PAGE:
Karen Longaric, appointed as foreign minister by Jeanine Áñez's interim government, announced the formal departure of the country from ALBA in November 2019 over "interference" in Bolivia's political crisis.[43] However, as a consequence of the electoral collapse of the Áñez government, the country remained in ALBA.

See also


  1. ^ "Declaración del ALBA-TCP: Justicia social y cooperación". ACN (in Spanish). 16 December 2022. Retrieved 17 December 2022.
  2. ^ The total area of ALBA reaches 5,057,735 km2 if the maritime areas is included .
  3. ^ a b c "Declaration of the ALBA-TCP XIII Summit and commemoration of its tenth anniversary, December 14, 2014 – ALBA TCP". Archived from the original on 20 December 2014. Retrieved 28 June 2016.
  4. ^ Arana, Marie (18 April 2013). "Opinion – Bolívar, Latin America's Go-To Hero". The New York Times. Retrieved 24 August 2018.
  5. ^ "Cuba-Venezuela Agreement - December 14, 2004". Archived from the original on 2005-11-04. Retrieved 2005-12-02. initial Cuba-Venezuela TCP
  6. ^ Ted Piccone; Harold Trinkunas (June 2014). "The Cuba-Venezuela Alliance: The Beginning of the End? Line" (PDF). Retrieved 5 April 2023.
  7. ^ a b c d Inc, IBP (20 March 2009). Latin America Energy Policy and Regulations Handbook Volume 1 Strategic Information and Programs. ISBN 9781438728360. Retrieved 24 August 2018 – via Google Books. ((cite book)): |last= has generic name (help)[self-published source]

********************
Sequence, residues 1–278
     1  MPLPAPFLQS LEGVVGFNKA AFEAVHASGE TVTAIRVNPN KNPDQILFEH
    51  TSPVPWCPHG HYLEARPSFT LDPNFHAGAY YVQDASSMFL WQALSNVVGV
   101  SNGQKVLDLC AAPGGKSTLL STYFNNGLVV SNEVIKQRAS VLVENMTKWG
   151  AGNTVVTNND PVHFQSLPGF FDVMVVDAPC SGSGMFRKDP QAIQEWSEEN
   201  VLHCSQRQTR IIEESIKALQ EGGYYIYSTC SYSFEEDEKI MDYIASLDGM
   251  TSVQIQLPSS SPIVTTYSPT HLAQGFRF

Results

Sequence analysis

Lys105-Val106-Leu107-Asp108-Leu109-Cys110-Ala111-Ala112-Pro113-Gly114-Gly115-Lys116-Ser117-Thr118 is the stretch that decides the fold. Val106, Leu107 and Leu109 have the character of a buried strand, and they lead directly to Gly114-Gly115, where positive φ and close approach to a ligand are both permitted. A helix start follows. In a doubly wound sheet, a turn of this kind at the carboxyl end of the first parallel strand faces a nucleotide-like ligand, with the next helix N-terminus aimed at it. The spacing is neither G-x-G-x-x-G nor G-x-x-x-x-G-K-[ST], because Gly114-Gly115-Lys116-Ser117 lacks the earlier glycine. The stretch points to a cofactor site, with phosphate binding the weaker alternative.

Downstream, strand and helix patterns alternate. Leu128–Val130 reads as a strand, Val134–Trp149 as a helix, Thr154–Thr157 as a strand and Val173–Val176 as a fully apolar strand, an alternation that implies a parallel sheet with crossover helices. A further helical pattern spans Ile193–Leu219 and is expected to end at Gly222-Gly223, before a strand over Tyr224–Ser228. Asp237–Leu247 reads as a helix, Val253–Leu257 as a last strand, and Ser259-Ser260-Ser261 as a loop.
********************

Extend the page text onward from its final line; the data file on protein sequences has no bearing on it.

8. ^ Monthly Review, 2 July 2008, ALBA: Creating a Regional Alternative to Neo-liberalism?
  9. ^ "Honduran Congress Approves Withdrawal From ALBA - Americas Quarterly". Retrieved 5 April 2023.
  10. ^ "Two more Caribbean Nations join ALBA". 26 June 2009.
  11. ^ "Cuba Revolución: Chávez invita a Jamaica a sumarse al ALBA". Retrieved 28 June 2016.
  12. ^ Diario, El Nuevo. "El Nuevo Diario". Archived from the original on 8 September 2008. Retrieved 28 June 2016.
  13. ^ (ABN), Agencia Bolivariana de Noticias (20 July 2007). "Chávez invitó a toda Centroamérica a unirse al ALBA". Retrieved 28 June 2016.
  14. ^ "Chávez invita a Argentina a sumarse a la moneda virtual sucre – Radio La Primerísima". Archived from the original on 2016-05-27. Retrieved 28 June 2016.
  15. ^ "Twelfth ALBA Presidential Summit Takes Place in Ecuador". Retrieved 24 August 2018.
  16. ^ "Grenada Joins ALBA | NOW Grenada". December 15, 2014.
  17. ^ "Ecuador leaves Venezuelan-run regional alliance". AP NEWS. Associated Press. 2018-08-24. Retrieved 2018-12-18.
  18. ^ "Bolivia rompe relaciones con Venezuela y se retira de la Alianza Bolivariana ALBA | DW | 15.11.2019". Deutsche Welle (in European Spanish). 15 November 2019. Retrieved 2019-11-16.
  19. ^ "Bolivia reanuda su participación en Unasur, Celac y Alba". France 24. 2020-11-20. Retrieved 2020-11-21.
  20. ^ "ALBA-TCP member countries celebrate 16 years of regional integration". 14 December 2020.
  21. ^ "Россию пригласили на самые антиамериканские старты мира. Что это такое?". (in Russian). 23 February 2023. Retrieved 5 April 2023.